God inspired Isaiah to record a picture of his own journey with God. “For He has clothed me with garments of salvation and arrayed me with a robe of righteousness” (Isaiah 61:10). Can you relate to that? Do others understand the joy that being “important to God” brings you?

by Marilyn Daniels (



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Matthew 21:6-16

Hooray! Yeah! Hosanna! Exclamations of excitement and joy! Jesus was being celebrated as He rode into Jerusalem on a donkey. “Hosanna” is Hebrew for save, an expression of praise.

Once a year we make a special effort to thank God for all that He has given to us; the date varies from culture to culture, but usually centres around harvest time. At Easter we sing praises for the sacrifice of Jesus’ life, but what did the people of Jerusalem know about Jesus that caused such accolades this particular year?

Israel lived under oppression. The nation desperately wanted a Saviour. This man from Galilee was a miracle-worker like no other. Could it be that God would use Him to save them from the Romans? Was this idea the impetus that created crowds crying out “Hosanna”?

Prophecy identified a king riding on a donkey into Jerusalem (Zechariah 9:9). As we have noted before, donkeys were not the usual mode of transport for kings, so this unusual event would attract attention! David prophesied “Blessed is He who comes in the name of the Lord” (Psalm 118:26) and Jesus Himself acknowledged His claim to be the “Son of David” (Mark 12:35). These folks acknowledged that link.

It often fascinates me how God orchestrates His work in this world. In Noah’s day sin was rampant. Why did He not send the Saviour then? Why did He flood the entire world, wiping out mankind except for Noah’s family? What was it about the era which spawned silence from Almighty God for 400 years, then caused Him to send His only begotten Son? What is God’s next step of judgment on a world who denies, rejects, mocks this precious Son?

Do you ever wonder what it would be like for Jesus to come riding into your world today? What would crowds of people say? Hosanna? Crucify Him? Actually He is riding into your world and mine, on the words of proclamation each believer has been given. Are we shouting Hosanna? Or do we keep silent?


Hosanna! Save! Cries from anxious hearts yearning to be free! What do we pray for today? What binds us like prisoners of fate? What would cause us to cry “Hosanna” “Save” to our neighbours, our colleagues at work, our family members – dearest and nearest?

by Marilyn Daniels (


Little Children

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Matthew 18

Have you ever stopped to analyze the characteristics that make little children so delightful? Recently I was reading a commentary on the portion of scripture we are studying today. It aptly describes a child as one easily lost in awe “the doors of life flung wide open to wonder”! (Daylight Devotional Bible). Most of us have experienced the tugging hands which are so eager to show us what they have discovered, gasping in surprise, belly laughing when something is funny.

Have you ever noticed how in total innocence a child cries without shame? As sophisticated adults we often try to hide our tears.. Thankfully our Saviour shed tears, according to the Biblical principle laid down by the Apostle Paul “Rejoice with those who rejoice; mourn with those who mourn” (Romans 12:15). What a pity to lose the innocence of childhood in the fear of looking childish. There is such a difference between the two.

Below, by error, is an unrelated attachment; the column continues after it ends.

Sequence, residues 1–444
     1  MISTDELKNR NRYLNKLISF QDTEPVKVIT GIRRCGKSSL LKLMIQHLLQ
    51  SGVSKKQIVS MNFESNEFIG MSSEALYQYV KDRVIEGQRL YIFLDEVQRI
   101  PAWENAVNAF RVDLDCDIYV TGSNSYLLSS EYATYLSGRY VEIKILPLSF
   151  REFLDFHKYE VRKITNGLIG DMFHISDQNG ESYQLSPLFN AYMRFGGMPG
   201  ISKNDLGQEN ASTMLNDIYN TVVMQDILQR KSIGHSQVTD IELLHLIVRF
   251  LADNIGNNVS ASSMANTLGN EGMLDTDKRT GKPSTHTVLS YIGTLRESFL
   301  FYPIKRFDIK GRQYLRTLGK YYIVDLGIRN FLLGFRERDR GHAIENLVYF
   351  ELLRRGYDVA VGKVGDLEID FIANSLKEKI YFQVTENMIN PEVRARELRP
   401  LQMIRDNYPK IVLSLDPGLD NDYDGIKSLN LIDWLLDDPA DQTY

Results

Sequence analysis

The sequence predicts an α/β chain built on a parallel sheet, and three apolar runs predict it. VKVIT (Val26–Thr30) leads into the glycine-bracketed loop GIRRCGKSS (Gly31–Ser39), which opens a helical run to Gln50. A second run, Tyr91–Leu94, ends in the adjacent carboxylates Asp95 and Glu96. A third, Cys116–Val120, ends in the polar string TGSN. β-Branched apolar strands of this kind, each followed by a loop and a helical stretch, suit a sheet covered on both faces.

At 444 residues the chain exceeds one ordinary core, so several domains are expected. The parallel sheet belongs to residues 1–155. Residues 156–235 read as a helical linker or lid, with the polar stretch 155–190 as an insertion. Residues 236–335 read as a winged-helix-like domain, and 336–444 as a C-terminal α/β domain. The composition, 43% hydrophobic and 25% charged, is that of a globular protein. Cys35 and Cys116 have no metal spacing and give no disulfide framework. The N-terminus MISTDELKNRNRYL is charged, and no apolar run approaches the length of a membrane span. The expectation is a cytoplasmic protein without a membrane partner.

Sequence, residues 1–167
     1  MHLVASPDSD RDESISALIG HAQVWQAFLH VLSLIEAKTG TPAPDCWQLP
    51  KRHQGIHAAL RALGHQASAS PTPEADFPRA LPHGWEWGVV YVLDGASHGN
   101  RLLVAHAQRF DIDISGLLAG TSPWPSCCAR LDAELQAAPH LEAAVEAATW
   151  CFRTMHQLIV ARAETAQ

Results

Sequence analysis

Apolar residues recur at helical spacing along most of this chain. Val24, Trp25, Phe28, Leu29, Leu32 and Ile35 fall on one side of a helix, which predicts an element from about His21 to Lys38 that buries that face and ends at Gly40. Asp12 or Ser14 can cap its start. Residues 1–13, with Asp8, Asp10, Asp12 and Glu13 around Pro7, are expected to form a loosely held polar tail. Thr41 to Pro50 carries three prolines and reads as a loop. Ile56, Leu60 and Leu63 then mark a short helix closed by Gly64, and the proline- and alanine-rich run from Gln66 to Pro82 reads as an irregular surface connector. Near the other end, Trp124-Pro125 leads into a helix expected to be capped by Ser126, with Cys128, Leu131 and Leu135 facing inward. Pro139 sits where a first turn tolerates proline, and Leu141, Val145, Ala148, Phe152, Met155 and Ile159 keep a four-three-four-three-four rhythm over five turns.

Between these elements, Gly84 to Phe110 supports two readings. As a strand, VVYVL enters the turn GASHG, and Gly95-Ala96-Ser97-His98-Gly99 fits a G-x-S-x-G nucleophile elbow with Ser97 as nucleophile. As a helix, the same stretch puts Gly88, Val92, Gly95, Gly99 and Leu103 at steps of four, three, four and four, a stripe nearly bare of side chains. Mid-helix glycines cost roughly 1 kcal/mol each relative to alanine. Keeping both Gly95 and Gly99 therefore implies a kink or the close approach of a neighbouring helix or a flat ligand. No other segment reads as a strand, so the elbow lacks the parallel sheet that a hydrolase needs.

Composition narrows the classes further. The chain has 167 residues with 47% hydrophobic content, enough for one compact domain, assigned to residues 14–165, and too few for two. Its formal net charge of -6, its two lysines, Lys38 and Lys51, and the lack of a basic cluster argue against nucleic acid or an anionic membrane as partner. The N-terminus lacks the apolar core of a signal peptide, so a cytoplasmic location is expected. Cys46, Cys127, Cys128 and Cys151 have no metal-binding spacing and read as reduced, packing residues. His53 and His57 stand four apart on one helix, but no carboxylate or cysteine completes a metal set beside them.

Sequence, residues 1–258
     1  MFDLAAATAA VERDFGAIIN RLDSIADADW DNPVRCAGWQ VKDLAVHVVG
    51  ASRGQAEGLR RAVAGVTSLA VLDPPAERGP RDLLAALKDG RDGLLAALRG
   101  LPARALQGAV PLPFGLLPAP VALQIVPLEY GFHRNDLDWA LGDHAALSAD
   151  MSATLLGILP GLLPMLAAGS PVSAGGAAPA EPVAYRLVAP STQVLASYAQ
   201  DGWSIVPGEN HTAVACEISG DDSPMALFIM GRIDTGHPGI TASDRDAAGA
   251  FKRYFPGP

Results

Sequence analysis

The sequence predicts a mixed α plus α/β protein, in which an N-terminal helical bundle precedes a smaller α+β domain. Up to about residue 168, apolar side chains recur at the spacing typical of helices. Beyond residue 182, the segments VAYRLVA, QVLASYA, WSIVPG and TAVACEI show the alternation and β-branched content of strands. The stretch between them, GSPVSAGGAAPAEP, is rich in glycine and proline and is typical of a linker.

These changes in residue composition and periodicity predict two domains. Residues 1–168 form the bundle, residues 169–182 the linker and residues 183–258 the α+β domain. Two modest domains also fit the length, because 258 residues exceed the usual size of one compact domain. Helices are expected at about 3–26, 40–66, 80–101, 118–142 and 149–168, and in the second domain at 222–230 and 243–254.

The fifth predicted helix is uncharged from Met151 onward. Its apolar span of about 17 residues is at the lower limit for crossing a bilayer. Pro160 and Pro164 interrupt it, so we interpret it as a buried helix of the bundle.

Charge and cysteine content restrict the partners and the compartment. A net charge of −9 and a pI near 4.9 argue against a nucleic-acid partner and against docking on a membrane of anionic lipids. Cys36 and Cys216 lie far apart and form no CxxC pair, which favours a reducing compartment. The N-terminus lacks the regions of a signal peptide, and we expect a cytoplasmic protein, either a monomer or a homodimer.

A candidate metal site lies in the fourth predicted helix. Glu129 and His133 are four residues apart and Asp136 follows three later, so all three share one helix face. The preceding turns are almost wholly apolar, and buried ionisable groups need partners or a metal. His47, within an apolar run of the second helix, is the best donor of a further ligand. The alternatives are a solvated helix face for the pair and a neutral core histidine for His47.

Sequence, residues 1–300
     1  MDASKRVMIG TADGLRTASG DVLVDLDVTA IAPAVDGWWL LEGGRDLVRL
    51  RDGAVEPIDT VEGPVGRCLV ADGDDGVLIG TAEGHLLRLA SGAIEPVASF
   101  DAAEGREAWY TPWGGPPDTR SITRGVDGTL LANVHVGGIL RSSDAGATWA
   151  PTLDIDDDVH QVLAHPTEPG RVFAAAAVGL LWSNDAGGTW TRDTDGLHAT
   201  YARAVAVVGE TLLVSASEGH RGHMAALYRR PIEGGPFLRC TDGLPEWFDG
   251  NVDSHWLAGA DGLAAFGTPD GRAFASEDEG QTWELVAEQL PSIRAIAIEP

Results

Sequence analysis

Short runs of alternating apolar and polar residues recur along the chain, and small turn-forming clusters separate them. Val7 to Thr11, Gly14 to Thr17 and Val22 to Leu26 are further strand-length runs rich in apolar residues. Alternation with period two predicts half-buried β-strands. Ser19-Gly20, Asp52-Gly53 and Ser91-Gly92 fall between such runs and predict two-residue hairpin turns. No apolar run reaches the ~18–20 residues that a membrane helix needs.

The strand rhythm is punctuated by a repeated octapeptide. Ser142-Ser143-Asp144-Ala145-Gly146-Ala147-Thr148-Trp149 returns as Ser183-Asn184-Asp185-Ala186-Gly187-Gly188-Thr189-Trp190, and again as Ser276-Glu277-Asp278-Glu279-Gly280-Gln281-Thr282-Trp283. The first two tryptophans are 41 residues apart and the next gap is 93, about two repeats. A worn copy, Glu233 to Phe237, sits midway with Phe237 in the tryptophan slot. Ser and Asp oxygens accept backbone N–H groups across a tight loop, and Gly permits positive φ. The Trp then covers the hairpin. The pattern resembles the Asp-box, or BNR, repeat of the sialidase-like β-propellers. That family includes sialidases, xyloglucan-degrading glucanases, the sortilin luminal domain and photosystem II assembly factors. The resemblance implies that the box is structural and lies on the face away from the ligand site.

The Lord Jesus is recommending we become like little children and in this chapter warns against giving offense to any little ones. Notice His reference to their guardian angels (18:10). Do we stop to take into account that little ones have a God-given protection? So in the spiritual realm, babes in Christ are protected by the power of the Holy Spirit. It would be better for a mill stone to be hung around the neck of anyone who puts a stumbling block in their way (Luke 17:2).

Consider what this might mean. Have you ever felt discouraged? What if you or I were responsible for discouraging a new believer, causing them to doubt the Lord’s ability to care for them, or to doubt the purity of His intentions? God forbid that we should ever cause them to foster false doctrine.

So what does He mean for you and me to become like little children? Who of us would want to look weak and dependant. How we fight to gain independence, forgetting sometimes that the ultimate goal of maturity is interdependence.

Jesus uses the term “Little Children” lovingly. Nurturing is part of His compassionate, loving nature. If we wish to be like Him we need the power of the indwelling Holy Spirit growing these characteristics within us from the very DNA of Christ our Lord. We cannot achieve this on our own, but need to surrender to God’s leadership, just as if we were little children ourselves. Perhaps one of the greatest acts of surrender is exemplified in the life of our Lord who taught us to pray “Thy will be done on earth as it is in heaven” (Matthew 6:10).


Do we feel it is demeaning to be called little children? If so how can we relax in the arms of our Heavenly Father? The Bible warns us to put away childish things, comprised of fear and envy, covetousness and even tantrums, when we don’t get what we want, or think we deserve. That is behaviour unbecoming to any child and requires the Father’s discipline. How blessed we are to have a Father who cares deeply enough to guide us in paths of righteousness “for His name’s sake” (Psalm 23:3).

by Marilyn Daniels (